Why They’re Called Double-Crested

Cormorant showing tufts of feathers on each side of head
Rear view of Cormorant showing head tufts

I knew the name, of course.  Looked it up on the web.  Cormorant with yellow beak, orange face, and all that, means Double-crested.  But until yesterday I didn’t know where the name came from.  Quite a few of these cormorants around, always with smooth, slicked-back heads.

Then, in the afternoon, I saw this little group of five cormorants paddling southward in a leisurely way off the west edge of the park.  Looking through the camera’s long zoom, two of these birds had sprouts of hair on either side of their heads.  They were too far away and the light was exactly the wrong way to get sharp detail, but you can get the general idea.  Two feathered crests on their heads.  Ergo: double-crested.

The Cornell bird lab website says that these crests are only visible during the breeding season.  The Audubon website says that the tufts are rarely seen in the field.  So, I count this as a cool sighting.


The Cornell bird lab website has these “Cool Facts” about Double-crested Cormorants:

  • From a distance, Double-crested Cormorants are dark birds with snaky necks, but up-close they’re quite colorful—with orange-yellow skin on their face and throat, striking aquamarine eyes that sparkle like jewels, and a mouth that is bright blue on the inside.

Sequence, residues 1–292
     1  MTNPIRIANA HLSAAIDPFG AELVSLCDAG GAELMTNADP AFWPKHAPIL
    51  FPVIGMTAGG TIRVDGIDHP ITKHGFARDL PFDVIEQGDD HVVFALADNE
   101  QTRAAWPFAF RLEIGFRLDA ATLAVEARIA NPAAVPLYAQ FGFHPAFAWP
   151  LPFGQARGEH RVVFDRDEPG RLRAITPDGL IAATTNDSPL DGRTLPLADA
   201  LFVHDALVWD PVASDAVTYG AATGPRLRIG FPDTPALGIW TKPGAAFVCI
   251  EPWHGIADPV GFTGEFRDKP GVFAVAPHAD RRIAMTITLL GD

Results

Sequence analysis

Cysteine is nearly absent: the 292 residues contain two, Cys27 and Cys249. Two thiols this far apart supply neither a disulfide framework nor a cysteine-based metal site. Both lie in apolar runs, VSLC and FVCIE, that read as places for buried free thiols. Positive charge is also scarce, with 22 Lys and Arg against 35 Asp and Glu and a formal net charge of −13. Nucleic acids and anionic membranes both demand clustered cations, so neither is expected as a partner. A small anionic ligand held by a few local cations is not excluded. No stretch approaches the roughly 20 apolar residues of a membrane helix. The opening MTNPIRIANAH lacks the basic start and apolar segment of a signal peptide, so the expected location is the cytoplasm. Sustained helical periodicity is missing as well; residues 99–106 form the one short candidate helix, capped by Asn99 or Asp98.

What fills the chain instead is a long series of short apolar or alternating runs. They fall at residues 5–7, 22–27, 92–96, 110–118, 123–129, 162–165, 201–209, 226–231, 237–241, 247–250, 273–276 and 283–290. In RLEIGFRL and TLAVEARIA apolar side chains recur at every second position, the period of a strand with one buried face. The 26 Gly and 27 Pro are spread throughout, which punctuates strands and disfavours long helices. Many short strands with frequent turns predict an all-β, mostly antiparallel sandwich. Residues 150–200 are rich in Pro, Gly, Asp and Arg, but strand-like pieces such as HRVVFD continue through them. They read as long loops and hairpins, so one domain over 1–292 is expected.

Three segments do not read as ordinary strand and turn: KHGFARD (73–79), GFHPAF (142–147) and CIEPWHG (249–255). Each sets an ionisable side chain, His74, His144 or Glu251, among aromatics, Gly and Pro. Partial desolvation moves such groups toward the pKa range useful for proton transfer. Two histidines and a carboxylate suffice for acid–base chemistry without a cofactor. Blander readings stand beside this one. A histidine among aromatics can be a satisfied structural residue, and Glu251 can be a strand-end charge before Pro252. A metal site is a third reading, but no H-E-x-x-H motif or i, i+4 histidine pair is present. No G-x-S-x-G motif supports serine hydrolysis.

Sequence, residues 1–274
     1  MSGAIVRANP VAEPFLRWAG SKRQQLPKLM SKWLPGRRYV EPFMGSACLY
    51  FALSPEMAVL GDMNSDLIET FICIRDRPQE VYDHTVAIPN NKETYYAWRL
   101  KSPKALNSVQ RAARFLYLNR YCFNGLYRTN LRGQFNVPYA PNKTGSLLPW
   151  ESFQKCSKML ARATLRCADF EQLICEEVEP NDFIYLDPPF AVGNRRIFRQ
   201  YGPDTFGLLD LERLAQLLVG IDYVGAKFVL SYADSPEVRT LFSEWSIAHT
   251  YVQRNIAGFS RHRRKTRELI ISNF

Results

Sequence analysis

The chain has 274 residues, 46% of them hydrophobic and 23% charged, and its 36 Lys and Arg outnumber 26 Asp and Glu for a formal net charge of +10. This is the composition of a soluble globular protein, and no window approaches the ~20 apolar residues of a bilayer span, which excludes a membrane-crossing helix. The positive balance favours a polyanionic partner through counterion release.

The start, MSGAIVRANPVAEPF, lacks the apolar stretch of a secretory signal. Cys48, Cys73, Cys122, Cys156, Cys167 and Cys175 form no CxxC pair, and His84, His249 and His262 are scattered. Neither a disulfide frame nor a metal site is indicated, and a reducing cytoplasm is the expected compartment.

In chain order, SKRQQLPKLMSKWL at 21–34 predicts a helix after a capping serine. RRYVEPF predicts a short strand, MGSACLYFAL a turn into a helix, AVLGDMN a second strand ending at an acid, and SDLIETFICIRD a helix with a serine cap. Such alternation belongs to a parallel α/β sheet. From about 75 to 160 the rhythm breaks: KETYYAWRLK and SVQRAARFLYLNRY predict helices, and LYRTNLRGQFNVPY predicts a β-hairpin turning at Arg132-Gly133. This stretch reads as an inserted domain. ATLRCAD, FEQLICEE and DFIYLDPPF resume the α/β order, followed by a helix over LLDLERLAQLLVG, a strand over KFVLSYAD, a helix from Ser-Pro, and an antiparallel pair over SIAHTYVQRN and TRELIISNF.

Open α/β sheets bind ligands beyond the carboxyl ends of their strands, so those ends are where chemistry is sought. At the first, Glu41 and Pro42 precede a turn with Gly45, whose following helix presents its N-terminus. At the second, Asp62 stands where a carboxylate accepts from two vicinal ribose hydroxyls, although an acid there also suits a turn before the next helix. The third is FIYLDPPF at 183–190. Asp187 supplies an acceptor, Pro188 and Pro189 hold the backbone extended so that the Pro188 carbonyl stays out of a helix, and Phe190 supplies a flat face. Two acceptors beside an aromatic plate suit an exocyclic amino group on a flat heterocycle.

• The double-crest of the Double-crested Cormorant is only visible on adults during breeding season. The crests are white in cormorants from Alaska, and black in other regions.
  • Cormorants often stand in the sun with their wings spread out to dry. They have less preen oil than other birds, so their feathers can get soaked rather than shedding water like a duck’s. Though this seems like a problem for a bird that spends its life in water, wet feathers probably make it easier for cormorants to hunt underwater with agility and speed.
  • Double-crested Cormorant nests often are exposed to direct sun. Adults shade the chicks and also bring them water, pouring it from their mouths into those of the chicks.
  • In breeding colonies where the nests are placed on the ground, young cormorants leave their nests and congregate into groups with other youngsters (creches). They return to their own nests to be fed.
  • Accumulated fecal matter below nests can kill the nest trees. When this happens, the cormorants may move to a new area or they may simply shift to nesting on the ground.
  • The Double-crested Cormorant makes a bulky nest of sticks and other materials. It frequently picks up junk, such as rope, deflated balloons, fishnet, and plastic debris to incorporate into the nest. Parts of dead birds are commonly used too.
  • Large pebbles are occasionally found in cormorant nests, and the cormorants treat them as eggs.
  • The oldest known Double-crested Cormorant was at least 22 years, 6 months old; it was banded in Ontario in 1984 and found in Louisiana in 2006.


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